When “LORD” (Yahweh) is used, it is deeply personal. It is God’s name. It points to the fact that God has reached out in relationship. We could even take this further and say that this name demonstrates God’s love and grace since it required those two attributes for a holy, just God to reach out in relationship to a sinful, rebellious people.

So, when Moses uses “Yahweh,” he is identifying God as someone who has made Himself known and has reached out in relationship to him (Moses) and the Israelites.

“The LORD is slow to anger …”

Essentially, God doesn’t have a temper. He doesn’t have a short fuse. It takes Him a long time before He gets angry.

But, when His patience runs out, look out!

“The LORD is … abounding in faithful love, …”

The Hebrew word for “faithful love” is a beautiful word! It is pronounced “hesed” (as you clear your throat while pronouncing the “h.”

The beauty of this word is found in the fact that it means that God’s love isn’t flighty. It isn’t a temporary feeling. Instead, it is a covenant love. It is not an act of his emotion so much as it is an act of His will.

Simply put, when God says He will love you, nothing (absolutely NOTHING!) can take that love away. You may stray away from Him but His incomprehensible love for you will never, ever go away.

“The LORD … forgiving iniquity and rebellion…”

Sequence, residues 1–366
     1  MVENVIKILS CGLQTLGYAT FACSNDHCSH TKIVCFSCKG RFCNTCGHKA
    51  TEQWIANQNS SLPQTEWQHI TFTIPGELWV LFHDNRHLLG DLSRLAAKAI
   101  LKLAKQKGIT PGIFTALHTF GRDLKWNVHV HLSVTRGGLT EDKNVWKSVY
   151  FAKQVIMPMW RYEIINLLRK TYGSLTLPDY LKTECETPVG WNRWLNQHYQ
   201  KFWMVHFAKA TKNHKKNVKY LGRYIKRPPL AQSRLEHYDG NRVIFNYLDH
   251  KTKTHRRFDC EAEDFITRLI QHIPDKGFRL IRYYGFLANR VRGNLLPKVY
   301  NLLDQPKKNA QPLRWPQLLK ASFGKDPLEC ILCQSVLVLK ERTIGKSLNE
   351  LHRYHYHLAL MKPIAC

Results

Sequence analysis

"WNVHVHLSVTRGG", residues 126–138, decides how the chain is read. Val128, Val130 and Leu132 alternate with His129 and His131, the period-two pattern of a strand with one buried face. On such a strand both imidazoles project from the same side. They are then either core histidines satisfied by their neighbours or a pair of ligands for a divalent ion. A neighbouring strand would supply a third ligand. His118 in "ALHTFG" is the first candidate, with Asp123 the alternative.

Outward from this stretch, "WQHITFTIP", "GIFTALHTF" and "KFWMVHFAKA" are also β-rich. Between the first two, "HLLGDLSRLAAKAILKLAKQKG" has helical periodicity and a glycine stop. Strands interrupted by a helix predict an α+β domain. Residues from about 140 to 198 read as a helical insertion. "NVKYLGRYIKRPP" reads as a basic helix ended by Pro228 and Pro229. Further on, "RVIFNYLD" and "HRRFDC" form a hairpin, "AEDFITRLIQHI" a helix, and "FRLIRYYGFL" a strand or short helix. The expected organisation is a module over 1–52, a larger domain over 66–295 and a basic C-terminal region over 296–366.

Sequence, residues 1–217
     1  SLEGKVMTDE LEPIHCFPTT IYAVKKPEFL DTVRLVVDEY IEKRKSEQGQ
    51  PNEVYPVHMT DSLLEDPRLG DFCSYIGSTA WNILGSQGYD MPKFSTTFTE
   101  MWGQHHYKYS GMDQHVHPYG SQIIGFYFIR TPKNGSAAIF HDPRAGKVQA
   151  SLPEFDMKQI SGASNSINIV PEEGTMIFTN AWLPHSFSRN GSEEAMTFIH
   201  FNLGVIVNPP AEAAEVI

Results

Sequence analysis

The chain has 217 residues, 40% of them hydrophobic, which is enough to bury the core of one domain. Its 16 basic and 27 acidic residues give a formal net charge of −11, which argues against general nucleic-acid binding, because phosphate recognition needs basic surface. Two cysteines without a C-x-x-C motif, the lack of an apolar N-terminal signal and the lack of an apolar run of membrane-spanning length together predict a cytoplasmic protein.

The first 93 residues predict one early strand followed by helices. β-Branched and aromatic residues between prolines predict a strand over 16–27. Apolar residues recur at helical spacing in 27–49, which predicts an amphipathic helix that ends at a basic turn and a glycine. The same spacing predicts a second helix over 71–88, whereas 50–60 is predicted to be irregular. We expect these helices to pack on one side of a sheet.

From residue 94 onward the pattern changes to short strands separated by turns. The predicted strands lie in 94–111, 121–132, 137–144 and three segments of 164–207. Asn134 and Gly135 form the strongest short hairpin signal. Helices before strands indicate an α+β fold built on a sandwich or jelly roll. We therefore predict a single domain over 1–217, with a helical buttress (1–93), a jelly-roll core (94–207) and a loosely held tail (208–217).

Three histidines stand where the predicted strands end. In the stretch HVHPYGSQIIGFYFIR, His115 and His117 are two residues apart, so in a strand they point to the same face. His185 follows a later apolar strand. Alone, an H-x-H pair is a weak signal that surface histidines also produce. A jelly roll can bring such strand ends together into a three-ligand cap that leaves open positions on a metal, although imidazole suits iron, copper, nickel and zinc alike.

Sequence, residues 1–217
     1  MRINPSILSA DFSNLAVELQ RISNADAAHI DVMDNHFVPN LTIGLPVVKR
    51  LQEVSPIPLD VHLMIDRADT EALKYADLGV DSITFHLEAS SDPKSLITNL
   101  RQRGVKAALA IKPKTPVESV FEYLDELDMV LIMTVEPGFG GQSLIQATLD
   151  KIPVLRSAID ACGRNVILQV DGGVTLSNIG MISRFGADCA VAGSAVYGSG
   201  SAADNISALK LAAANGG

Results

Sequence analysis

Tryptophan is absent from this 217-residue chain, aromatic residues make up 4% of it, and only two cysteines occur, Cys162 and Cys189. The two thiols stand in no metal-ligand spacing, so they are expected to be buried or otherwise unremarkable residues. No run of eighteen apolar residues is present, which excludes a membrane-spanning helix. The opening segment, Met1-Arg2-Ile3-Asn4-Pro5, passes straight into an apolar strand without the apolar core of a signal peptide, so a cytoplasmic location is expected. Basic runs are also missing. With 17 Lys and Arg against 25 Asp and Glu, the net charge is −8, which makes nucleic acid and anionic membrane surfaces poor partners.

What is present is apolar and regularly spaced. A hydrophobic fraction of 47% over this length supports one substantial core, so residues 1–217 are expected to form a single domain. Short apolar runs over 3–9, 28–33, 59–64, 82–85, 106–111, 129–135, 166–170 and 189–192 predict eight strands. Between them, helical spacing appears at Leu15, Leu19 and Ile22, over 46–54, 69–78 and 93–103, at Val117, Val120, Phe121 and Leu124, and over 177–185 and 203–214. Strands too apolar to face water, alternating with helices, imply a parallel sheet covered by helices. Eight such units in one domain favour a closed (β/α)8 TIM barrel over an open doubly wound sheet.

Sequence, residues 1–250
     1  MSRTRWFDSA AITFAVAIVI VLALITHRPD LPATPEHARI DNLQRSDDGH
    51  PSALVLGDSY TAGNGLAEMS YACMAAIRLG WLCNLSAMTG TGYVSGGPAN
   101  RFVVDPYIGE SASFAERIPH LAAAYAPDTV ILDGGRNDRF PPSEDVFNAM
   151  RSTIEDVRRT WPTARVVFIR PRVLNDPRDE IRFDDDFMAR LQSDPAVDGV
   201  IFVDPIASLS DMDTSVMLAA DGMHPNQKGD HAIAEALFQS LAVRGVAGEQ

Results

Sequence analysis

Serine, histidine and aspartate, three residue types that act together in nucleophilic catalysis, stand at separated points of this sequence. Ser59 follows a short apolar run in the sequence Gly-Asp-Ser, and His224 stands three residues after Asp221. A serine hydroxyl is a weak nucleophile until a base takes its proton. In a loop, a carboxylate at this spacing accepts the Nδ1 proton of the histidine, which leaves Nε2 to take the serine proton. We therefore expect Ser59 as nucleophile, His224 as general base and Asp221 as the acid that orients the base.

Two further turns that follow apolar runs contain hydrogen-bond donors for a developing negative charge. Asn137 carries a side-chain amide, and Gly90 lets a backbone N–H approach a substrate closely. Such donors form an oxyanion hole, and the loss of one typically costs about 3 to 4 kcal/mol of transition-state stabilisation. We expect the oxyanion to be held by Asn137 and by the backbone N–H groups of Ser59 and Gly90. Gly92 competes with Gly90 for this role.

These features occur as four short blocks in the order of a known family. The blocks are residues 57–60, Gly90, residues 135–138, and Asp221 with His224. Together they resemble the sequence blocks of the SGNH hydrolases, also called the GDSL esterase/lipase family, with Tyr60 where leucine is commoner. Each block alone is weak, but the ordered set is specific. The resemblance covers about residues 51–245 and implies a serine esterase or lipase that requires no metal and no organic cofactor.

God is infinitely holy. That means that He is completely removed from anything that is even remotely sinful. Further, He is justifiably angry at sin and must punish it.

After all, could a father be considered loving if he sat back and allowed his children to be harmed by an evil predator? No! Of course not! If the father truly loves His children, he will hate the evil done to his children and will do whatever he must to stop the one who is harming the objects of his affection.

(Restated for emphasis:) If love is present, then anger must also be present. If there is no anger at what brings harm to the object of one’s affection, then there is no love. Love demands the presence of anger.

Since God has chosen to place His love upon us, He must therefore be filled with anger at whatever would harm us. Since sin is what brought such great harm upon His creation (Genesis 3), then God must be furious at sin (and anyone who chooses to be engaged in it).

But, you and I are sinners! ALL of us have broken God’s laws. All of us have done things that demonstrate that we are lawbreakers. So, we come to understand how God became so angry at the rebellious Old Testament Israelites (and anyone else who engages in sin).